MAPP, CAAP, C-BASE, CLA, NSSE, to name just a few. With so many published assessment instruments available, how do you know the best one for assessing student learning at your school?
“In order to choose the right assessment instrument, you have to ask the right questions,” says Linda Suskie, vice president of the Middle States Commission on Higher Education.
In the recent seminar, Choosing a Published Instrument to Assess Student Learning, Suskie discussed the benefits of published instruments and outlined the important questions to ask when evaluating assessment tools for your school. The important thing to remember, she says, is there is no one instrument that will match the goals of every higher education institution so you have to do your homework to find the best one for you.
Questions to Ask When Evaluating Published Assessment Instruments
Does it match our needs? Review the assessment instrument’s stated purpose and objectives and make sure they align with your philosophy and goals as well as what you teach. Also make sure that the results of the test include actionable information.
Is it practical to administer? Contact the publisher to find out how much the test costs and exactly how much time is required for planning and administering the assessment. Tests that must be taken in one two-hour sitting or require a computer lab can create logistical complications for campuses where most courses are 50-minutes long.
Is there any cultural or gender bias? Although any reputable publisher goes to great lengths to ensure a bias-free test, it’s always a good idea to examine sample questions and past editions through the lens of your students’ experiences for offensive material or words that might not have common meaning.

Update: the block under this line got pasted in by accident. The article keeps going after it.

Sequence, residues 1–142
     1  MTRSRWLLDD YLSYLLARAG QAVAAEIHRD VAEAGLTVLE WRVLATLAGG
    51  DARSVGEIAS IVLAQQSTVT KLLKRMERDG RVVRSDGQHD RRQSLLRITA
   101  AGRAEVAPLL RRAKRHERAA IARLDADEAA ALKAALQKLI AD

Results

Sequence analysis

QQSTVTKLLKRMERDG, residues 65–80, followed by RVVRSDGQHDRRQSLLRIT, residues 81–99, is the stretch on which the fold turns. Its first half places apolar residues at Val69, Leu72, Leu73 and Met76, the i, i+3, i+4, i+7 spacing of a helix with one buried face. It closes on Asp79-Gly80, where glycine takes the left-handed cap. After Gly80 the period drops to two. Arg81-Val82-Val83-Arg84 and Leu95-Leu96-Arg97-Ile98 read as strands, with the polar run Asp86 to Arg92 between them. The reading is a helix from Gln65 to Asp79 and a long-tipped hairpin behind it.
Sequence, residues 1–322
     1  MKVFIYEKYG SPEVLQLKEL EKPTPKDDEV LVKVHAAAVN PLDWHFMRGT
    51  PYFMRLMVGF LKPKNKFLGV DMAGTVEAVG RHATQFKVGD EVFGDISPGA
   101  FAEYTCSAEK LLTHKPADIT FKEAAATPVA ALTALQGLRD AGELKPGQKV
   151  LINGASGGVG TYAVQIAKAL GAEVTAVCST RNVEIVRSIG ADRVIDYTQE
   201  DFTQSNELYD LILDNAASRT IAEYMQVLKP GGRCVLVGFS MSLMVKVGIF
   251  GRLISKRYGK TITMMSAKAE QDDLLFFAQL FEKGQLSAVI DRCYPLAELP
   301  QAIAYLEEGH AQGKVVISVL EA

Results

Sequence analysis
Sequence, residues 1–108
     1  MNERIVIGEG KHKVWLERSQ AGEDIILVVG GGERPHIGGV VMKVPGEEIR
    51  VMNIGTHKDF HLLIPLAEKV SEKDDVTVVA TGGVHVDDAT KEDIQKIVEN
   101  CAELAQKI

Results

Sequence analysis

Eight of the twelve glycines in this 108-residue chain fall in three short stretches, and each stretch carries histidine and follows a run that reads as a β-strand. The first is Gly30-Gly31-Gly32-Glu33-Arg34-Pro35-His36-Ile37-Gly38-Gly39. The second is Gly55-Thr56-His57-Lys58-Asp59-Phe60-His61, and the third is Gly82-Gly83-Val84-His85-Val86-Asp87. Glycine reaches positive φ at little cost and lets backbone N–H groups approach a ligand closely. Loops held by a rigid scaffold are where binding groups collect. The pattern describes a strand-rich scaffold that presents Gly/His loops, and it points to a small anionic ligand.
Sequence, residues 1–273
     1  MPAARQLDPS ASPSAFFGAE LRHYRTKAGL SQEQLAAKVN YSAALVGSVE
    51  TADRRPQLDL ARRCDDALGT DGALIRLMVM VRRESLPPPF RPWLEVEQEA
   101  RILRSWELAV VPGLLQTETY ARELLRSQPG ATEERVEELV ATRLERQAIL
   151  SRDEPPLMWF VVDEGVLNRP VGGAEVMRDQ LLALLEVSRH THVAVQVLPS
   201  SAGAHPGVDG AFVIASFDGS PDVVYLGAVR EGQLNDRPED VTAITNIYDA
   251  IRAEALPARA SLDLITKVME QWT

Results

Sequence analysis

Does it truly measure what it purports to measure? This is where you dig into test validity. Do test scores have appropriate correlations with grades as well as other tests? Do subscores have appropriate intercorrelations?
Are scores consistent? Score consistency in test/re-test scenarios as well as between forms will tell you how reliable this particular assessment tool is.
Are norms adequate and appropriate? Because the quality of your scores will depend on the quality of the norm groups, you need find out all you can about the norm groups. How were the colleges and students selected? How many colleges and students participated? Do the norms represent your institution and the group of students who will take the test?
What do the score reports look like? Test results, and what you do with them, are at the heart of any initiative to assess student learning. Find out what kind of reports you will receive from the publisher. How useful is the feedback? Is it easy to understand and share with faculty? Will they tell you what you are doing right as well as what you’re doing wrong?
A good source for identifying potential instruments to review is the Buros Institute of Mental Measurements Yearbooks and Tests in Print.